This offers an incredible cultural capital opportunity with palaces and spires emphasising the city’s vast history, and the cranes and shimmering glass representing what is to come. With so much to see and talk about, your only struggle might be convincing students that they can’t keep going round.  

Buckingham Palace

Back on the ground, it’s just a short walk over Westminster Bridge and up the Mall to visit Buckingham Palace, which offers the chance to marry popular culture (boosted by The King’s Speech and Netflix’s The Crown) with history, politics, art and technology.

The palace originally belonged to Queen Victoria – the first monarch to step out on the famous balcony for public viewing – and has been the centre of the Royal family ever since. With more than 800 pieces of art inside, including works by Van Dyck, Rubens and Vermeer, it has only experienced light changes from each monarch since.

The palace remains at the centre of politics. Emmeline Pankhurst was arrested at the gates after trying to deliver a suffrage petition. The chapel was bombed during the Second World War, and thousands of people congregated at the front gates on VE Day to hear George VI’s speech. The Queen continues to meet the prime minister weekly there to give her views on all things governmental.

The palace has been always been a place to bring the monarchy closer to the public, and this has developed along with technology. King George VI and Elizabeth II have given their Christmas messages from the palace, where these were initially broadcast live and later pre-recorded; in 2012 it was broadcast in 3D.

Buckingham Palace gives an opportunity to discuss the enduring relevance but changing nature of the Royal family in British and world politics, while building students’ understanding of national and cultural history.

Trafalgar Square and the National Gallery

Fountains, lions, Nelson, the Fourth Plinth… it’s no wonder that Trafalgar Square is one of London’s most loved landmarks. It has a largely unremarked upon history, but it’s one that promotes both social and cultural capital for students.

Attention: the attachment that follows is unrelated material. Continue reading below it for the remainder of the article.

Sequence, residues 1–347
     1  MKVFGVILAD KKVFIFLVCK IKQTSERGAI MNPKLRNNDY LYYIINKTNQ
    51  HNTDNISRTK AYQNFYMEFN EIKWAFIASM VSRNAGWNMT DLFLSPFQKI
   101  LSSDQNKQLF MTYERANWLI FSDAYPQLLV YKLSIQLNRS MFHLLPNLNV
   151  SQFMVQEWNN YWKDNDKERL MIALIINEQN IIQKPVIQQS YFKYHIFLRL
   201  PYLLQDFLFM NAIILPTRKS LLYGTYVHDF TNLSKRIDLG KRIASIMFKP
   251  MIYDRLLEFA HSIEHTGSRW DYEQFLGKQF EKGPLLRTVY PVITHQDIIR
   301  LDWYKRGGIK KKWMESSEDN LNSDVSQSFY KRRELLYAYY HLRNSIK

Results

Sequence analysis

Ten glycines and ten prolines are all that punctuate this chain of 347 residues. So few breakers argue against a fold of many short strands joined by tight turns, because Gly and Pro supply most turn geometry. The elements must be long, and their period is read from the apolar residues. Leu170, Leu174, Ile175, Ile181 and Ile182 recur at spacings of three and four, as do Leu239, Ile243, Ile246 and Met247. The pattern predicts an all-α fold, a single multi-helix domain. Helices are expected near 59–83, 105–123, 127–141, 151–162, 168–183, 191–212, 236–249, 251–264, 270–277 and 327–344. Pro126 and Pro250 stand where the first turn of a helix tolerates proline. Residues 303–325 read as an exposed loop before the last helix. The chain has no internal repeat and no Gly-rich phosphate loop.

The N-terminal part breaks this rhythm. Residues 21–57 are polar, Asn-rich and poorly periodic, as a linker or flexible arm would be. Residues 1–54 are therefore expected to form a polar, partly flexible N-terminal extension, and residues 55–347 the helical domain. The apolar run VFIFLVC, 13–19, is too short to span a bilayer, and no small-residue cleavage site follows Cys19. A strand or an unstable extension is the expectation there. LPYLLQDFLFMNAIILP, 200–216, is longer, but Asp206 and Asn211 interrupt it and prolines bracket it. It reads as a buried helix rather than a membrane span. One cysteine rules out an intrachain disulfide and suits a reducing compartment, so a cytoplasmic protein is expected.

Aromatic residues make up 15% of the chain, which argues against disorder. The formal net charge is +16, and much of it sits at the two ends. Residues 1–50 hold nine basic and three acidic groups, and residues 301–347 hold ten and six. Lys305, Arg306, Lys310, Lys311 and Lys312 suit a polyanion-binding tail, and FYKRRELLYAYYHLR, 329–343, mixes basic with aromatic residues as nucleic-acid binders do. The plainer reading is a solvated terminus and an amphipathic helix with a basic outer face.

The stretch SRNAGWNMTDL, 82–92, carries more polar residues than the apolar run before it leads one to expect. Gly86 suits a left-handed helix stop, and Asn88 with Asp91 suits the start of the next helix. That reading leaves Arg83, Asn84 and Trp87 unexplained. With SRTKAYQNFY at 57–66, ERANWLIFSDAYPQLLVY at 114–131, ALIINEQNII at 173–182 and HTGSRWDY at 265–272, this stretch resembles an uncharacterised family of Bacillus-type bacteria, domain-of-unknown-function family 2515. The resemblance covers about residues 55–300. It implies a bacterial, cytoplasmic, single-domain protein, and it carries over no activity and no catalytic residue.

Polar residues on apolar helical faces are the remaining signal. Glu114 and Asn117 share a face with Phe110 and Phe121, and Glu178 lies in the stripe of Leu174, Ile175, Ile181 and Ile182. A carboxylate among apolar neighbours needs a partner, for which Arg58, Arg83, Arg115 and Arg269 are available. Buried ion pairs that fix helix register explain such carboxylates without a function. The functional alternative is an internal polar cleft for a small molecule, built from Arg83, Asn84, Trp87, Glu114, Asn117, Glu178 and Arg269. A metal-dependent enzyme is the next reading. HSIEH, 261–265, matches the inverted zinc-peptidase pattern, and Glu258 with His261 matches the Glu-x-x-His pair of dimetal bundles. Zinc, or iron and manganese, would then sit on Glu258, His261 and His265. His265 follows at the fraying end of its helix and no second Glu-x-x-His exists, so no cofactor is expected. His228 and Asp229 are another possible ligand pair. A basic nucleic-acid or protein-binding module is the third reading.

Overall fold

The area has been a place of protests, marches and the right to exercise free speech about democratic processes both at home and abroad. It was where the Queen, aged 19, spent VE night.

Originally the site of the King’s Mews before their move to Buckingham Palace, the area has been significant since the 13th century. Repurposed and renamed, today’s Trafalgar Square pairs the old remnants of empire and victory in the Napoleonic Wars with modern takes on art and political expression, and is now a place where diversity is actively celebrated

Watching over Nelson and his lions is the National Gallery. Art is one of the ultimate cultural capital boosters and this is a world-leading collection, where students can encounter works from Turner, Caravaggio and Da Vinci. And the outside is interesting, too.

The architecture of the building, inspired by the Parthenon in Greece, was intended to represent a temple to art, thus encouraging discussion of the importance of the Classical world and how it often underpins the modern world.

Of course, these are just five of the capital’s best spots, but having had such a varied past and heading into a vibrant future, it’s likely that whatever cultural capital boosters you’re after for your students, London can deliver.

Lauran Hampshire-Dell is an English teacher from Surrey. She tweets at @LauranTeaches